It might not be wise to convert an 840-horsepower coupe into a convertible, but one crazy enthusiast did just that by commissioning a droptop version of a 2018 Dodge Challenger SRT Demon.

The car in question is Demon number 2,762 of the 3,300 built, and it's currently for sale in Coral, Florida.

While the car is listed for sale by the Cape Coral Chrysler, Dodge, Jeep, and Ram dealership, a salesman named Jason Jans told Motor Authority the car is actually on consignment.

The CarFax report reveals this purple Demon is currently on its second owner; the first was a Michigan dealership, according to Jans. The second owner registered the car in Indiana with just 14 miles on it, but Jans said the owner now lives in Florida.

The convertible conversion was done by Droptop Customs of High Springs, Florida. The company has been in business since 1976, and its claim to fame is a pair of Challenger convertibles commissioned by Shaquille O'Neal.

Droptop Customs' sales manager Larry Moran told Motor Authority the company didn't simply chop the top off the Demon to make it a convertible. Doing a conversion is about knowing where and how to add reinforcements. For this Demon project, that required adding a lot of metal to recover some of the structural rigidity lost with the roof and offset the effects of all that horsepower and torque.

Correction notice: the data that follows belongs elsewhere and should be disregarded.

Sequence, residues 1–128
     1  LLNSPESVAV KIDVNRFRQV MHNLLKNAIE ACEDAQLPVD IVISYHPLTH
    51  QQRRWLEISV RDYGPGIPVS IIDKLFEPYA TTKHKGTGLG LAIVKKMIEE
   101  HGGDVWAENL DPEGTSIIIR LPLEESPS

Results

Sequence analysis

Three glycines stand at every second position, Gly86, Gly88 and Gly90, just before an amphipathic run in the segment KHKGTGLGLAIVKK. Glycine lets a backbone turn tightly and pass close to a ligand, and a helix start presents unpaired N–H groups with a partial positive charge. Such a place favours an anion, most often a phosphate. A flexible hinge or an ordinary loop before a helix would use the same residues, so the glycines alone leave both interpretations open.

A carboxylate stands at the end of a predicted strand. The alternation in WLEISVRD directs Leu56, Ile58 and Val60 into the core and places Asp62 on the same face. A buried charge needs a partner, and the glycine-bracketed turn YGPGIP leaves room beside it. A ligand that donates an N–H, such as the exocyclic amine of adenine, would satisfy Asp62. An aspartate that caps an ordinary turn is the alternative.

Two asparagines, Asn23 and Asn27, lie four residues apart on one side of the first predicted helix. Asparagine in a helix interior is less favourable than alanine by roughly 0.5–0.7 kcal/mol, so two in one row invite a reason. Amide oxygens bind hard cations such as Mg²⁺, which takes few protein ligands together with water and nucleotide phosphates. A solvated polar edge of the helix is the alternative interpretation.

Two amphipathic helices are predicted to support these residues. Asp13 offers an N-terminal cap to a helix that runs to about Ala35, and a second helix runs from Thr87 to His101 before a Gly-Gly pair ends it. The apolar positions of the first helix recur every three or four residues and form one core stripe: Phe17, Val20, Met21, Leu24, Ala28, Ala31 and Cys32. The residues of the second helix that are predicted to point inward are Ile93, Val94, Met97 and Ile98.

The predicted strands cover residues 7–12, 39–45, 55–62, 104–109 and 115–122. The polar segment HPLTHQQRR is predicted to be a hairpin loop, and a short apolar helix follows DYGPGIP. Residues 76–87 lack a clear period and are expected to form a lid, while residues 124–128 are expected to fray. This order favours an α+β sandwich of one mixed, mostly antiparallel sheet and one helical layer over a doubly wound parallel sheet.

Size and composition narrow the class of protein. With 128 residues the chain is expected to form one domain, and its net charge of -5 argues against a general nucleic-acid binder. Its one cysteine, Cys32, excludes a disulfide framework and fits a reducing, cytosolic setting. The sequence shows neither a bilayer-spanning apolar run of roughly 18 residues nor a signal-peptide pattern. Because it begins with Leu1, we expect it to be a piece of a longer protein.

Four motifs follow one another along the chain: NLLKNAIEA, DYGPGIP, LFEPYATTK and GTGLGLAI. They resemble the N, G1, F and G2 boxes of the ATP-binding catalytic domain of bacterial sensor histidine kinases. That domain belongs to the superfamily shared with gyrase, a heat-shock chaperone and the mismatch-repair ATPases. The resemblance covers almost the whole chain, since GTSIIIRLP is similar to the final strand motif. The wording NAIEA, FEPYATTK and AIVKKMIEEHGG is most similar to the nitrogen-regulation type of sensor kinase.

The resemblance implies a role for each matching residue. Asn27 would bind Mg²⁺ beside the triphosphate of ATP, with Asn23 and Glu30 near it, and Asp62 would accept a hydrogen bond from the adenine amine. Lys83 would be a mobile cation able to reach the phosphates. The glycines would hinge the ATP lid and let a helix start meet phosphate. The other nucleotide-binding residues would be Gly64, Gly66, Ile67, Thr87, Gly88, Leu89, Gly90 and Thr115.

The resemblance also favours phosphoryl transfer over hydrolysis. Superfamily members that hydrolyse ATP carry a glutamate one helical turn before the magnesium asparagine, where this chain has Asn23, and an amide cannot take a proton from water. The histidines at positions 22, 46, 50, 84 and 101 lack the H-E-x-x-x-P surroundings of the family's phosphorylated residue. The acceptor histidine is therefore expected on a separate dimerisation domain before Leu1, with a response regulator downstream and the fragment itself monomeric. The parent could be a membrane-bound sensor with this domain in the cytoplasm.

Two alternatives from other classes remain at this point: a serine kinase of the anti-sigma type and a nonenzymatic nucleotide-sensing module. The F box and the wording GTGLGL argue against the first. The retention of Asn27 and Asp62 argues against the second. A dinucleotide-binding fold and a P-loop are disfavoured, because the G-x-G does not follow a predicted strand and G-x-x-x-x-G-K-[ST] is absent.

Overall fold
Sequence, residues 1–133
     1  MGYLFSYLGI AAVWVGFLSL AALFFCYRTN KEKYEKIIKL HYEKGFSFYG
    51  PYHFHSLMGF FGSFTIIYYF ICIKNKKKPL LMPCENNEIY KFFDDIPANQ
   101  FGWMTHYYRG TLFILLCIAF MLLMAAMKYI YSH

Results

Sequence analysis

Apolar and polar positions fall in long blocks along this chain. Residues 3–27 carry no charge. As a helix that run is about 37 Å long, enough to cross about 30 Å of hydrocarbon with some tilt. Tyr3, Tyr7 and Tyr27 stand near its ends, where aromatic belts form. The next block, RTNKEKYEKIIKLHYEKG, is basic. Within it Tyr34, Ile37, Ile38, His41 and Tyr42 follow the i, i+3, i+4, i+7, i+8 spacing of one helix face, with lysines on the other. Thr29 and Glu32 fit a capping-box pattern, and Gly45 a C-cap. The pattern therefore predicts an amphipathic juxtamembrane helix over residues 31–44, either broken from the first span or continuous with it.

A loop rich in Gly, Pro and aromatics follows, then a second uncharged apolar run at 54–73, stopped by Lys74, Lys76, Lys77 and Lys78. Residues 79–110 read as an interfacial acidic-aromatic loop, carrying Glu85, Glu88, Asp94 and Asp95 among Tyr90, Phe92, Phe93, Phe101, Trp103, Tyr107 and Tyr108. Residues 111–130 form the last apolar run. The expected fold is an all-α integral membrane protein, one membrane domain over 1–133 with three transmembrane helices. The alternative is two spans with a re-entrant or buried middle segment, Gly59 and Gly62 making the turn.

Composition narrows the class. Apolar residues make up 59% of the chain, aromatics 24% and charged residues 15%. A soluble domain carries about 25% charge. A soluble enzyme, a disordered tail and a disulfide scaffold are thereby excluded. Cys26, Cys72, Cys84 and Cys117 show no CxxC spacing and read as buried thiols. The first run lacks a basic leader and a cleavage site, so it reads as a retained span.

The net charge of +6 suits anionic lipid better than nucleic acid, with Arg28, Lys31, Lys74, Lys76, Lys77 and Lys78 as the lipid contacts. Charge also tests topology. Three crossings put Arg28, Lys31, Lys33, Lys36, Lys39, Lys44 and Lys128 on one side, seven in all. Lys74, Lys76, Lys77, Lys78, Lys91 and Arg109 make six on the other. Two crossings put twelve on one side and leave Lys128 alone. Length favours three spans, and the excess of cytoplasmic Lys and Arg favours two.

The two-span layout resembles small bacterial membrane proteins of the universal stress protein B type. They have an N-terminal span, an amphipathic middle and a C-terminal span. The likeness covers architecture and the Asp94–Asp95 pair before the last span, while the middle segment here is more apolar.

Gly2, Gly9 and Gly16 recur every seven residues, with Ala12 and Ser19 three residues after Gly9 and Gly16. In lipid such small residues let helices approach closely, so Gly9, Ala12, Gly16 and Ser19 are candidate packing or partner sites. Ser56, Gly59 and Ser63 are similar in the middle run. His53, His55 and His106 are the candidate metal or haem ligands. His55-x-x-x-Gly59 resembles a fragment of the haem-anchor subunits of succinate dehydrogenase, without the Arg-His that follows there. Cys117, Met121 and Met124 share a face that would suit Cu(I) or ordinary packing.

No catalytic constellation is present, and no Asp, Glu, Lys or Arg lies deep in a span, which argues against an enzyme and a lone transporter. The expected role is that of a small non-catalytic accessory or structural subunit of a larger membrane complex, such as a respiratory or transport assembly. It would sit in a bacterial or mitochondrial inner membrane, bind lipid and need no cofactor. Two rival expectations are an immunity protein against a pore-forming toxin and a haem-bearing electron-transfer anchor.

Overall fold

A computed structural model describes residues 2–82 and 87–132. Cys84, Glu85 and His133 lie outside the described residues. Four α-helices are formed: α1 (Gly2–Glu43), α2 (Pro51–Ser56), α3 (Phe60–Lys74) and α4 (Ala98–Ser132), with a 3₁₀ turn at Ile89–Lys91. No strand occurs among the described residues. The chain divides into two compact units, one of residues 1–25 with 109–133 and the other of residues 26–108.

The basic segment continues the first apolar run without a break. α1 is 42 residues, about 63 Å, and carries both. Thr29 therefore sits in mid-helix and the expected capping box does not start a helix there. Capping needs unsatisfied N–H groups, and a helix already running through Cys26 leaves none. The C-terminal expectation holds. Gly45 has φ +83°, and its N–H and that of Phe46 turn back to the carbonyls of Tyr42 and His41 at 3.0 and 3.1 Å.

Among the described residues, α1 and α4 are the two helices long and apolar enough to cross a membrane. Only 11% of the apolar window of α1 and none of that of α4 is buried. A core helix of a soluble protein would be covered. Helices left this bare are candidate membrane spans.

The frame rails inboard of the rockers were reinforced on both sides with 1x2-inch pieces of metal, and diagonally mounted metal braces were added underneath to control twist. Structural supports were added to the front edge of the trunk, both the front and rear shock towers were reinforced, and the shop boxed the connection of the front rails to the engine cradle. To prevent the long, heavy doors from moving, the shop added gussets to the bottom rear corner of each door.

When Droptop Customs cut off the top, Moran said the shop left 4-plus-inches of metal in place behind the windshield header to provide a strong perimeter. The three-layer soft-top has a heated glass rear window. It's controlled with manual latches on both sides of the windshield and is power operated by a hydraulic motor. It takes about 20 second to raise or lower the top, and while it can be done at slow speeds it's recommended the car be stationary.

Moran wouldn't detail how much the conversion cost, but the Demon originally retailed for $84,995 plus destination and this car is listed at for $145,995 with just 172 miles on the odometer.

It may not be wise to cut the top off a Demon and spend $146K to own it, but the person who buys this conversion will have a one-of-a-kind muscle car.